Tomorrow at 9 am, former Fed Chairman Paul Volcker will testify before the House Committee on Financial Services, discussing topics on Systemic Risk and Resolution Issues. Since a former Fed Chairman will effectively be discussing the actions undertaken by the current one, this promises to be a most interesting testimony. We present some key points from Volcker's prepared remarks below: at first blush it would appear that the former Chairman is distancing himself substantially from the activities of the current one, and among other things, is proposing serious curbs on Moral Hazard, on the lack of Fed's accountability, highlights the need for a return to a Glass-Steagall system, and blasts the prop trading/hedge fund business model, whereby in discussing what he believes should be prohibited activities by systemically important firms, he highlights "ownership or sponsorship of hedge funds and private equity funds [as] should in my view a heavy volume of proprietary trading with its inherent risks." If that is not a direct stab at Goldman Sachs, nothing is.
The testimony, which will also include other influential financial experts such as Arthur Levitt, and Moody's Mark Zandi, will be broadcast live tomorrow at 9 am, and the webcast can be seen here, without commercial breaks in which fat bearded men sing and cry, extolling the virtues of General Electric turbofan engines.
Volcker on moral hazard:
However well justified in terms of dealing with the extreme threats to the financial system in the midst of crisis, the emergency actions of the Federal Reserve, the Treasury, and ultimately the Congress to protect the viability of particular institutions – their bond holders and to some extent even their stockholders – have inevitably left an indelible mark on attitudes and behavior patterns of market participants.
- Will not the pattern of protection for the largest banks and their holding companies tend to encourage greater risk-taking, including active participation in volatile capital markets, especially when compensation practices so greatly reward short-term success?
- Are community or regional banks to be deemed “too small to save”, raising questions of competitive viability?
- Does not the extension of support to non-banks, and even to affiliates of commercial firms, undercut the banking/commerce divide, ultimately weakening the commercial banking system?
- Will not investors in money market mutual funds find reassurance in the fact that when push came to shove, the Treasury with an extreme interpretation of its authority, took action to preserve those funds ability to meet their declared commitment to pay their investors at par upon demand?
What all this amounts to is an unintended and unanticipated extension of the official “safety net”, an arrangement designed decades ago to protect the stability of the commercial banking system. The obvious danger is that with the passage of time, risk-taking will be encouraged and efforts at prudential restraint will be resisted. Ultimately, the possibility of further crises – even greater crises – will increase.
Think of the practical difficulties of [a Too Big To Fail] designation. Can we really anticipate which institutions will be systemically significant amid the uncertainties in future crises and the complex inter-relationships of markets? Was Long Term Capital Management, a hedge fund, systemically significant in 1998? Was Bear Stearns, but not Lehman? How about General Electric’s huge financial affiliate, or the large affiliates of other substantial commercial firms? What about foreign institutions operating in the United States?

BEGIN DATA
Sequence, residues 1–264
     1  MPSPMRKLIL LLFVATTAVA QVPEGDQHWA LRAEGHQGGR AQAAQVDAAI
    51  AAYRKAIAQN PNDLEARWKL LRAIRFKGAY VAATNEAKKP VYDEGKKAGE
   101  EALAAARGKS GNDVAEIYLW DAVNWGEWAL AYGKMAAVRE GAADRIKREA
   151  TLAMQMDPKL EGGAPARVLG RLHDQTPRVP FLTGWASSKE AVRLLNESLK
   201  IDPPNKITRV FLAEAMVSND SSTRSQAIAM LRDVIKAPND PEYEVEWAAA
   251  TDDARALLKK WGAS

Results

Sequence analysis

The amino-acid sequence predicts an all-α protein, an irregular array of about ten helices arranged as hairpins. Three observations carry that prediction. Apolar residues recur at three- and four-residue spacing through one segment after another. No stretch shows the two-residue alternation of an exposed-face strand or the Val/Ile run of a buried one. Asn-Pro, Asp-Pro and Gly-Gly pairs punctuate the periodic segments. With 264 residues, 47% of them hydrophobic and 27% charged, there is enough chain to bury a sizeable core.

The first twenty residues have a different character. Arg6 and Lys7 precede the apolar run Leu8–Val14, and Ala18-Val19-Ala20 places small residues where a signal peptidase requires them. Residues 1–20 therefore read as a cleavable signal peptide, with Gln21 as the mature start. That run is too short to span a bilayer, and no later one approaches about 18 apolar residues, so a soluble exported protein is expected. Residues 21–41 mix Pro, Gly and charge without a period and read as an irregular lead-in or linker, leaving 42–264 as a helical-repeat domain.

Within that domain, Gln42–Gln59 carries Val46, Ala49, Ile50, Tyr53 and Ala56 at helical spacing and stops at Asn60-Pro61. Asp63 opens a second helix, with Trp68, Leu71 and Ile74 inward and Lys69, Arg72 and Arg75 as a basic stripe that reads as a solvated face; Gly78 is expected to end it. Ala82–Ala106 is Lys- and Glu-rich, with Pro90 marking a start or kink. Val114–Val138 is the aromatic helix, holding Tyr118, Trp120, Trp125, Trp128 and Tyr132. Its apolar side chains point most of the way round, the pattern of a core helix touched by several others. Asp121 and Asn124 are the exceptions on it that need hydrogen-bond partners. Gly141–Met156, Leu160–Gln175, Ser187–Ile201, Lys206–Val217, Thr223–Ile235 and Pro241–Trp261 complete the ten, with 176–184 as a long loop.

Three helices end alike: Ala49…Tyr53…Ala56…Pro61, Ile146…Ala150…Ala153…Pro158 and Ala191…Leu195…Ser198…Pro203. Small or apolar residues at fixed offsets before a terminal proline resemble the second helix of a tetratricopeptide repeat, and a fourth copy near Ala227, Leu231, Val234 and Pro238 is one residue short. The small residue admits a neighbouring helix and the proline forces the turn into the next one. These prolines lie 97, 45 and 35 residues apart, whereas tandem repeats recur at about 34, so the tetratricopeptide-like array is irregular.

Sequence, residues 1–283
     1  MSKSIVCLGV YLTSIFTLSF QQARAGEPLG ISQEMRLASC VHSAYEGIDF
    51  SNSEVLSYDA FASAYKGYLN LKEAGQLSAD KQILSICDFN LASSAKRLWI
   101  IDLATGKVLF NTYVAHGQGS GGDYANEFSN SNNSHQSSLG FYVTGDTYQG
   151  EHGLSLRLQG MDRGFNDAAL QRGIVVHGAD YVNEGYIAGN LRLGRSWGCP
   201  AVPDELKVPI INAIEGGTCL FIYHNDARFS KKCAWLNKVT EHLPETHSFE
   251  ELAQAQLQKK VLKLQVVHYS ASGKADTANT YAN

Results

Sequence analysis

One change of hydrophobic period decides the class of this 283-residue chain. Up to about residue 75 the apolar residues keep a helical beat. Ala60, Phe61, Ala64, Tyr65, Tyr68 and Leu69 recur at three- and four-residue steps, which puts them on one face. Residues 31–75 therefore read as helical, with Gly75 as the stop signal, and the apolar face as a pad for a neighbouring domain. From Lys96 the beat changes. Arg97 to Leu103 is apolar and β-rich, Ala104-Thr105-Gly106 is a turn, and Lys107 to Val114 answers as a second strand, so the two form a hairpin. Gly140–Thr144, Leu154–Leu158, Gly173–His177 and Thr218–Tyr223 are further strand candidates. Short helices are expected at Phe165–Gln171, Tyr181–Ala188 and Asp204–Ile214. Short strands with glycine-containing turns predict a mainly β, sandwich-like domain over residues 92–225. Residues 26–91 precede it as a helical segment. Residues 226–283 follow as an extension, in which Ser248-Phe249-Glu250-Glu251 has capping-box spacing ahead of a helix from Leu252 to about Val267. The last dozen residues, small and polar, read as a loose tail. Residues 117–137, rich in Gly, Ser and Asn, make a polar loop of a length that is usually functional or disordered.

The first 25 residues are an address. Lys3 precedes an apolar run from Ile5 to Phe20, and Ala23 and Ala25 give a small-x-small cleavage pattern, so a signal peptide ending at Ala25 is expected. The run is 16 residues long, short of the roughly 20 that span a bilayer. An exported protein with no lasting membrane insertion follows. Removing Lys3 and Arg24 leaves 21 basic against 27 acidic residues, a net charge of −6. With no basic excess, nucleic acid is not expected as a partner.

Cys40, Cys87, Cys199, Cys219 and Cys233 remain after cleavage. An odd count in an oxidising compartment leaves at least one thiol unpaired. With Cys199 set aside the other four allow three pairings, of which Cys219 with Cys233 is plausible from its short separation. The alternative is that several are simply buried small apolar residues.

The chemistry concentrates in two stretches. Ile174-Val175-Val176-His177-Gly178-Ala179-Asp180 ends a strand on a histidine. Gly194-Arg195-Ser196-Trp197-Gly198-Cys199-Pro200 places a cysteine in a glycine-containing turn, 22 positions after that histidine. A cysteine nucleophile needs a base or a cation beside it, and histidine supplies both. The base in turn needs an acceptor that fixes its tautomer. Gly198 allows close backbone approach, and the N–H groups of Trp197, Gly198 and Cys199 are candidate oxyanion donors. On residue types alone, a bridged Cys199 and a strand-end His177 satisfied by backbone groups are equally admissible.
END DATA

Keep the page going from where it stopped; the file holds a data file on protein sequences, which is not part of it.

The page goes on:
On what is effectively a repeal of Glass-Stegal
As a general matter, I would exclude from commercial banking institutions, which are potential beneficiaries of official (i.e., taxpayer) financial support, certain risky activities entirely suitable for our capital markets.
And here is where life gets interesting for the biggest too big to fail hedge fund in the world - Goldman Sachs:
Ownership or sponsorship of hedge funds and private equity funds should be among those prohibited activities. So should in my view a heavy volume of proprietary trading with its inherent risks. Some trading, it is reasonably argued, is necessary as part of a full service customer relationship. The distinction between “proprietary” and “customer-related” may be cloudy at the border. But surely by the active use of capital requirements and the exercise of supervisory authority, appropriate restraint can be maintained.
The point is not only the substantial risks inherent in capital market activities. There are deep-seated, almost unmanageable, conflicts of interest with normal banking relationships – individuals, businesses, investment management clients seeking credit, underwriting and unbiased advisory services.
On Federal Reserve accountability:
I am not alone in suggesting that a Fed governor should be nominated by the President and confirmed by the Senate as a second Vice Chairman of the Board with particular responsibility for overseeing Regulation and Supervision. The point is to pinpoint responsibility, including relevant reporting to the Congress, for a review of market developments and regulatory and supervisory practices. Staff authority, independence, professionalism, experience, and size should be reinforced.
On duration of unbridled Fed intervention:
There is also an interesting question as to the period over which events are both “unusual and exigent”. What is involved in emergency lending is the need to act immediately and forcefully, which only the Fed may be able to do. But after several months, the Congress working with the Administration should be able to determine the proper amount and time for continuing extraordinary assistance.
Full Volcker testimony: